Minister Dlamini: Sassa crisis? That's a media invention

President Jacob Zuma and Minister of Social Development Bathabile Dlamini. (GCIS)

President Jacob Zuma and Minister of Social Development Bathabile Dlamini. (GCIS)

Social development minister Bathabile Dlamini on Sunday refused to answer any questions about how government grants will be paid out from April, saying a perception of a crisis was a media invention.

She also appeared to lie, about a previous lie told by her department, that sought to more deeply involve the national treasury in the unfolding shambles, then refused to take any questions on it.

Nor would she take questions on the shock resignation on Friday of the director-general of her department, Zane Dangor, or on the challenge she faces in front of the Constitutional Court.

Dlamini had called an an urgent press conference for what her staff said would be a briefing to the nation on the SA Social Security Agency (Sassa). But instead of providing any information on the unfolding crisis in the outsourced payment of grants, Dlamini read a nine-page statement that contained no new information.

In reading the statement Dlamini reiterated three times that the lifeline social grants for 17 million people would be paid come April 1, but never said how that would – or could legally – be achieved.

“On the first of April Sassa begins a new era in continued development,” Dlamini said. “As has been the case in the past no one will go unpaid.”

At the same briefing her department said that there was not yet an “interim” contract with Cash Paymaster Services (CPS) to handle the payment of grants come April 1.

  Dlamini’s department had previously announced it had reached an agreement with CPS, the current outsourced provider, after three days of negotiations that ended on Friday.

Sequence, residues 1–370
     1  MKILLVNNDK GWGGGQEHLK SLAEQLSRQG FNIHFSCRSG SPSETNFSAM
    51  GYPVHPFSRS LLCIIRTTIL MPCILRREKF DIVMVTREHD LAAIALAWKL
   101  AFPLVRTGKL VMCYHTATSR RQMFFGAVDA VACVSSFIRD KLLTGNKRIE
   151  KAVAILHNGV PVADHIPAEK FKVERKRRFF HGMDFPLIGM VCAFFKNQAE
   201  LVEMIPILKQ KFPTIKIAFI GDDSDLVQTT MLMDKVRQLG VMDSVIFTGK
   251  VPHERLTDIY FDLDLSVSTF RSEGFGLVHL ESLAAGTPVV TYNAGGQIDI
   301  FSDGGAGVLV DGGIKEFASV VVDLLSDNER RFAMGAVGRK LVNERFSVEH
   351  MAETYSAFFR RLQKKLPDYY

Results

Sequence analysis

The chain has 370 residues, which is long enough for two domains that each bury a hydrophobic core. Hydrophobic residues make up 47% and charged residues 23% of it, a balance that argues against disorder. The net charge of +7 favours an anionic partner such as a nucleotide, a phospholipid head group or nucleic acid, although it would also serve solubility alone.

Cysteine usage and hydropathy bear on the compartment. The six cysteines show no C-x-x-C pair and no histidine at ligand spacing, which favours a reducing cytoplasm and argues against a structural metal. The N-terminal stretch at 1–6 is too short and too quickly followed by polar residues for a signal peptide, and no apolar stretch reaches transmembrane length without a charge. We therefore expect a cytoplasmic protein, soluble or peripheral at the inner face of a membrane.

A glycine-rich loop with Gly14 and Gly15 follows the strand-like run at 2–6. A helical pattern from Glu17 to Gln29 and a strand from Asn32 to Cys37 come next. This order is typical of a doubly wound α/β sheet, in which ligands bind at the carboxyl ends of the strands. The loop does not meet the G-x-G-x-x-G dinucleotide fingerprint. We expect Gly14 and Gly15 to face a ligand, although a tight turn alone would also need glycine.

But on Sunday the department explained that there would only be a deal when a contract had been signed – and no contract has yet been signed.

Sassa has estimated that it would have to pay CPS up to R1.3-billion extra per year to continue paying social grants, an amount for which there is no available budget. It later denied that it could have made such an estimate, then said the number was a simple inflation-related escalation, which is not true.

Dlamini was formally advised in October that she would not be able to legally sign a contract with CPS because her department was obliged to engage in competitive tendering. She was also told that citing the current emergency would not serve as a shield against that requirement because that emergency had been self-created.

In addition, a legal opinion from senior counsel Wim Trengove said, the current CPS contract could not be legally extended because it was already invalid. The Constitutional Court declared the contract unlawful in 2014, but allowed it to continue so as to not interrupt the payment of grants.

Dlamini would take no questions on matters related to issues before the court because they are “sub judice”, her spokesperson Lumka Oliphant told journalists at the press briefing.

  That is not true, and Dlamini was not legally precluded from discussing the matter.

When journalists persisted with forbidden questions – at times badgering Dlamini with shouted demands – Oliphant reacted angrily, and refused to take further questions.

“The minister has said she will not answer to people who have come here with their own motives,” Oliphant said.

Dlamini accused the media or dealing in half-truths when it came to the involvement of the national treasury in the crucial negotiations with CPS, before going contrary to established, documented facts.

  Since early February, letters the Mail & Guardian has seen show that Dlamini has sought to make the treasury jointly culpable for the resolution of the Sassa crisis. The treasury, in turn, has consistently said it could not condone illegal behaviour, and that the Constitutional Court would have to be part of any solution.